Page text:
“For I am convinced that neither death nor life,
neither angels nor demons,
neither the present nor the future, nor any powers,
neither height nor depth, nor anything else in all creation,
will be able to separate us from the love of God
that is in Christ Jesus our Lord.
Romans 8:38-39 (NIV)
I was born a questioning prodigal.
Brought up in a strict, conservative Eastern European family that believed in the Bible and read it often, even as a child, I knew many Bible verses by heart. To me, however, God was like a smiley face sticker up in the sky looking down: He created the heavens and the earth and pronounced them “good.” Just religion, nothing personal. My dream was to break free and live independently in New York City–an impossibility for a young unmarried girl from an Eastern-European family.
When I graduated from high school, my parents were so proud of me they threw a huge party, inviting all our family, friends and neighbors to celebrate. Hours after the party, I rose before dawn to make my grand escape, leaving a note thanking them for everything, telling them I loved them, but not telling them where I was going. I became a paralegal assistant, enrolled in NYU, got my “I think therefore I am” card, and embarked on a wondrous journey of learning. I was always busy, but I felt empty. Something was missing.
When asked if I had a religious background, I’d say, “Not really,” but one of the courses I decided to take at NYU was the philosophies and practices of various religions. At first, as I sat on velvet cushions, philosophized, and chanted, taking part in the practices of one religion after another, I found each one intriguing, but once the initial infatuation faded, once again I felt the void. That’s when Scripture began to pop up in my head. Repeatedly, “Do you not know that your body is a temple of the Holy Spirit?” made me question what I’d been inviting into my head, my heart, my spirit.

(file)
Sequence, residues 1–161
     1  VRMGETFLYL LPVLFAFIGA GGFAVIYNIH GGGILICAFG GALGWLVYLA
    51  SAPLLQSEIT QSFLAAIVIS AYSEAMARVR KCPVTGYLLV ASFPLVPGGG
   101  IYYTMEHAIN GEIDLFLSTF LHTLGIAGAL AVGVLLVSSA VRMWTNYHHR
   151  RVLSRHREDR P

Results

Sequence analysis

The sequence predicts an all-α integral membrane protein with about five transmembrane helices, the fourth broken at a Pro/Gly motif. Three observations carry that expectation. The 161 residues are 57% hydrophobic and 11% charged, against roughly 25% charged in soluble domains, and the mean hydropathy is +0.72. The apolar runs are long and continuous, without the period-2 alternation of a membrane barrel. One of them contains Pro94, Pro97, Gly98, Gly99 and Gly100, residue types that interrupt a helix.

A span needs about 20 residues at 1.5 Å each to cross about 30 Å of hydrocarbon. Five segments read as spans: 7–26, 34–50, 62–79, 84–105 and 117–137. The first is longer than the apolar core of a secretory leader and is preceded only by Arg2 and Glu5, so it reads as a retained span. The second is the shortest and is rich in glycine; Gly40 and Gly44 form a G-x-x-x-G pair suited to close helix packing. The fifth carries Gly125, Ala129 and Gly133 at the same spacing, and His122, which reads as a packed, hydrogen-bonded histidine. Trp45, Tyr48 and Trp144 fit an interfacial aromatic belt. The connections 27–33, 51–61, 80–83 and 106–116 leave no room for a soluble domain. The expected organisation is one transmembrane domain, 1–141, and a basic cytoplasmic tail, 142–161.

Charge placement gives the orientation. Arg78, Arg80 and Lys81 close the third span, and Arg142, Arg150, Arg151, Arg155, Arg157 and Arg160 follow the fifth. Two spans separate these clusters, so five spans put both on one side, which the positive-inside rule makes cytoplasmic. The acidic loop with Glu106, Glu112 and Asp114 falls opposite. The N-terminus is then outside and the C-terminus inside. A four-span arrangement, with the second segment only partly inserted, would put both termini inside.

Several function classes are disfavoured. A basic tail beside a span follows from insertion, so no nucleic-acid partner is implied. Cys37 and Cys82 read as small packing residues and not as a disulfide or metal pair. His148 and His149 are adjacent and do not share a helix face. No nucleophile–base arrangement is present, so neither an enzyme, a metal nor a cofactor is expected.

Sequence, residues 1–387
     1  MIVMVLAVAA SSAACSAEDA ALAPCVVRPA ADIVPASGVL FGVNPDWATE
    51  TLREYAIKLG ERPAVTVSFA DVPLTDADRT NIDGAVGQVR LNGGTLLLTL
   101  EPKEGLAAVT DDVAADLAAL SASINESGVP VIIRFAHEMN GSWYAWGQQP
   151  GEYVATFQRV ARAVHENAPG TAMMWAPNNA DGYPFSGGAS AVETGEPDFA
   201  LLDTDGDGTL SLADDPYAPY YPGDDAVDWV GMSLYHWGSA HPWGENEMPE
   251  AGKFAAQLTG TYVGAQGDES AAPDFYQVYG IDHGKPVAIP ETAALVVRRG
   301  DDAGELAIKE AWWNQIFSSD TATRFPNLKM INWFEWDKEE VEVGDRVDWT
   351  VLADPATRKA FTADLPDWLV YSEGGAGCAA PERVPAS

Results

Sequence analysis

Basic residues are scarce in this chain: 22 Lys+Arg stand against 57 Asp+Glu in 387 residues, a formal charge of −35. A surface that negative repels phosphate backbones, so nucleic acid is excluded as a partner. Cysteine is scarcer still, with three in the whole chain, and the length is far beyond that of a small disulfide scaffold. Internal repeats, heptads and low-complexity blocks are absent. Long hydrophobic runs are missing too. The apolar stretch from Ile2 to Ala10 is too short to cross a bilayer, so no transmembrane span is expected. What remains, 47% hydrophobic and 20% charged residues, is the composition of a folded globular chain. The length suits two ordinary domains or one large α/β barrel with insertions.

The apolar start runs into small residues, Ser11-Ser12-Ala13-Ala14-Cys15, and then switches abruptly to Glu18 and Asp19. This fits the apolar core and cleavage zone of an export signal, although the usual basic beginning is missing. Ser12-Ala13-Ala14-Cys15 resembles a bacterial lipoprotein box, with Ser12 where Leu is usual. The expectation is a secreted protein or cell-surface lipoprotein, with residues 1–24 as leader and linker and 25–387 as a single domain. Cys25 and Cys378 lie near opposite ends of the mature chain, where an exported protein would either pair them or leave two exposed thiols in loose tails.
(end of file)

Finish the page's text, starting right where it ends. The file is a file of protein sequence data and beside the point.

Shortly thereafter, a Christian man entered my life and challenged me to think of God in a different personal way. He told me I needed a savior because I was a sinner. Indignant, I said, “How dare you? I’m a good person!” Quietly, he replied, “None of us are good. But for Jesus, we’re all evil.” I asked him to leave. He did, but he kept coming back, inviting me to church. Tim Keller, an amazing scholar, philosopher and writer, was the Pastor at Redeemer Church. Eventually, I began to go.
When I was invited to a Christian concert in a YMCA basement somewhere beyond Bohemia, I went. I cannot remember the song, but it was about Jesus, how he died for us, and how we needed him because we were all sinners. Something supernatural happened to me. A switch flipped within me. I could see the ugliness of my sins against the grace of God. I understood all the hurt I’d carelessly and arrogantly inflicted upon others. Humbly, I realized I desperately needed a savior, I needed Jesus. He alone could fill the empty void in my wanton heart.
God was waiting for me in the basement of that YMCA, he’d been with me all along, and he’s been with me ever since. I’m blessedly assured that he will be with me always. Dee Hayes